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11 Responses to An Age of Autism editor confronts child abuse on a school bus

  1. René Najera says:

    I agree with you on this, Seth. No matter how much we disagree, the health and safety of children (anyone’s children) should be paramount. The monitor and the driver should face all due penalties under the law for endangering Kim’s daughter and all the children on that bus.

  2. Ed says:

    Good stuff. Your humility and patience will win out in the long run.

  3. On behalf of Bella, I will simply say, “Thank you, Seth.”


  4. Mary Luce says:

    I had to sign this petition. This made me hopping mad. Good luck to you Kim and to Bella. I hope the judge throws the book at this person. My son is just emerging from being nonverbal, so I know how vulnerable these children are.

  5. Kris says:

    I feel for Mrs Stagliano. I believe she has 3 children diagnosed with autism. All parents need to be advocates for their kids and she is an awesome woman with tremendous strength and passion for her cause and obviously the safety of her family.
    Just want to add my 2 cents as a mom. I think this whole vaccine issue is so controversial but for you provaccine folks it comes down to this FEAR OF DEATH.
    Viruses, bacterias fungus etc have and will be around even after we humans are all gone. They will always have the upper hand over us.
    No number of vaccines can stop diseases from occurring. I believe in our immune system and so far I am still here after facing any number of illnesses in my lifetime and I have had many (no vaccines either).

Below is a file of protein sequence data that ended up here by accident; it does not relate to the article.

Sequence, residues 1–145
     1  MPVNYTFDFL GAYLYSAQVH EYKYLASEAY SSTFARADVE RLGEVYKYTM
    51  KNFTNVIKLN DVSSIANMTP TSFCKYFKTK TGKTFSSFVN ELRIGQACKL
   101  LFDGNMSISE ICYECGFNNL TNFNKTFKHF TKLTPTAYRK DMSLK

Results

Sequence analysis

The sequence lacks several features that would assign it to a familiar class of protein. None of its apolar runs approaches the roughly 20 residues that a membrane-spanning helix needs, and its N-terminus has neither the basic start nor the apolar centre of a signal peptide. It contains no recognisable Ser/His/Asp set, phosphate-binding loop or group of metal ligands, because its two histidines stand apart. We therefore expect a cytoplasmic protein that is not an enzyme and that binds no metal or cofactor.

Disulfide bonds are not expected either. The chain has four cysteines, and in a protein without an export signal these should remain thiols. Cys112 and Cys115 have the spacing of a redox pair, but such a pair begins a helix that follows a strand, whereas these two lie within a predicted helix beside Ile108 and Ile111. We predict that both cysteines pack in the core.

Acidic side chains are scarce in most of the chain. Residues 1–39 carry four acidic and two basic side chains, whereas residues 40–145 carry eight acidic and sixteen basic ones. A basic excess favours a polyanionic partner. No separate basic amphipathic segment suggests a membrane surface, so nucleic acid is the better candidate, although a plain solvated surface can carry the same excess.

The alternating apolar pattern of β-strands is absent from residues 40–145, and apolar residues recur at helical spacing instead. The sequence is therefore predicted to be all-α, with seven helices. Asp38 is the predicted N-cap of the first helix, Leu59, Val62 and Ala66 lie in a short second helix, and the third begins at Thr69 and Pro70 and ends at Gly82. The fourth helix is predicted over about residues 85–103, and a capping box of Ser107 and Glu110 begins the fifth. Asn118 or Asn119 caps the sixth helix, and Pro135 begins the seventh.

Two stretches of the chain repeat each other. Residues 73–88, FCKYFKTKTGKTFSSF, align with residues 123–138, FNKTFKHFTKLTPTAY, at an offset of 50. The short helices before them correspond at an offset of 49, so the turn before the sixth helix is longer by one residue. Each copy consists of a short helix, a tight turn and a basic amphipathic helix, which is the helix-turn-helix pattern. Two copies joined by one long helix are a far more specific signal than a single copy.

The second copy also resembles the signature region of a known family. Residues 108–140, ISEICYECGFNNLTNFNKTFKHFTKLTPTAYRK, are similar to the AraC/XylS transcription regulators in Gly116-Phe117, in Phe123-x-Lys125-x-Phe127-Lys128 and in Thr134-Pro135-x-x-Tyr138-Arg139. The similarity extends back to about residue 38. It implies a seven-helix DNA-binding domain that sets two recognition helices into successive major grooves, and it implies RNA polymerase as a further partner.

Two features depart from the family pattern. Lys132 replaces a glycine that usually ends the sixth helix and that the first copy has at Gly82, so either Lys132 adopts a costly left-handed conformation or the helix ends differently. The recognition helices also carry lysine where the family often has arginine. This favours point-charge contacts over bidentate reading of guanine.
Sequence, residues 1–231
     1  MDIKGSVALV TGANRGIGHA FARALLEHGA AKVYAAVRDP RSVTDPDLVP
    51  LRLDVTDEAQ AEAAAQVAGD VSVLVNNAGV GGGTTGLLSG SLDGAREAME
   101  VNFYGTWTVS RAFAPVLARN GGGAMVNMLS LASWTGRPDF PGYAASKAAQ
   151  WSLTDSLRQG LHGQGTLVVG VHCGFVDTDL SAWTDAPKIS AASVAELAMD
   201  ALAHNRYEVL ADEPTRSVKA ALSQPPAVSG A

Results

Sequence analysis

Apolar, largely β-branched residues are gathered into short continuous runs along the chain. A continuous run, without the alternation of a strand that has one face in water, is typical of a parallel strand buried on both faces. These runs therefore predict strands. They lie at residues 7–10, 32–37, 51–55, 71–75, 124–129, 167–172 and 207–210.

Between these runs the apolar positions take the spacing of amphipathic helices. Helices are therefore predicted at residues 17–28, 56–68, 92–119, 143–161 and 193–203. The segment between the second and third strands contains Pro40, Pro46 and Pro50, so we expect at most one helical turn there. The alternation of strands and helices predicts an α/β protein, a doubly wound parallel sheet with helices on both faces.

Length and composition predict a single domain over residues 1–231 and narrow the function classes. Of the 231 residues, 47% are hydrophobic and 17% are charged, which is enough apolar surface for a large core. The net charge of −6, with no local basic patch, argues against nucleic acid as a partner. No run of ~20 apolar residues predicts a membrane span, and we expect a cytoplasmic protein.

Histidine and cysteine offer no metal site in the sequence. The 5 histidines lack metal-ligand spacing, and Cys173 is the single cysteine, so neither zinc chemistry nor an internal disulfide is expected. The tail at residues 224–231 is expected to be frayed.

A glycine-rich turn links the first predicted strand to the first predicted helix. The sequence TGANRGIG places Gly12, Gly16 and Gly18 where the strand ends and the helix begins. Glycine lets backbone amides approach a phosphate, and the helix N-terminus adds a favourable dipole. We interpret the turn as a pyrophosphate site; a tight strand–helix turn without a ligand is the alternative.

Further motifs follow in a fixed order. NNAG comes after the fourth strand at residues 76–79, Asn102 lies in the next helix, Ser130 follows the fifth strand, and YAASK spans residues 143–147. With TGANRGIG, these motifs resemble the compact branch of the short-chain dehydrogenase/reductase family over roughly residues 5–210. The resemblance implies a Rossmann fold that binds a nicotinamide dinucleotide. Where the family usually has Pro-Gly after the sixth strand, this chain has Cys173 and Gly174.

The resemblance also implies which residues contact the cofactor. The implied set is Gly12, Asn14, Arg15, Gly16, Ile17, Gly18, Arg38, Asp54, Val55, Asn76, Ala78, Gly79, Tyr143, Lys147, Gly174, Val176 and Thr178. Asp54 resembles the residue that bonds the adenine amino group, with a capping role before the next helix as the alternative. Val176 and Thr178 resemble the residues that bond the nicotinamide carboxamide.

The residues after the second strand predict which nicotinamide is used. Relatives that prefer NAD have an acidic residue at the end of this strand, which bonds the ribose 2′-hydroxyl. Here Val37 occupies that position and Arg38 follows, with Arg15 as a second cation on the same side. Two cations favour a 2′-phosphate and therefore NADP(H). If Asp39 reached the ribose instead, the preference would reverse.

From what I have read about these disease outbreaks you write about most of the kids have survived very few die here in the US because we have good sanitation practices.
    I think about all the people who died in Japan no vaccine saved them. I think about all the kids in my city who have been shot to death no CDC vaccine helped them. All the radiation spewing out of that reactor in Japan can a vaccine fix that? I can go on with examples but I think I have made my point.
    We cannot live our lives being fearful and becoming germophobes. This fear creates policies like our current vaccination schedule which has robbed many children of their voice and much more.

  6. Mary Luce says:

    The judge gave her the rehab. Now she is free in 2 years to drive and text while transporting children once again. And she’s not even sorry. She only apologized because the judge made her, and then she had the gall to blame Kim! This is so pathetic. If she ends up killing or hurting a child in an accident in the future, it will be worse than tragic. She should be in prison, or at the very minimum permanently barred from driving a school bus. I wonder if the judge would allow her to drive his children after her probation is over? I doubt it.

  7. Twyla says:

    The second article I linked to above says, “He suspended her license for two years with no work permit, revoked her right to ever drive public transportation, and imposed 200 hours of community service as well as a $500 fine.” If that is correct, she can never work as a bus driver again.

  8. Seth, I’m glad you could see the importance of what Kim has done not only for her own daughter but as a model for other parents whose kids are mistreated by someone in authority. Kim consistently is the voice of activism. While I don’t agree with her or Jenny McArthey about the dangers of vaccines, I see eye-to-eye with her on how vehement and vigilant we autism parents must be in telling the world, “You are not allowed to hurt or abuse my child, and furthermore, here’s what you need to know.”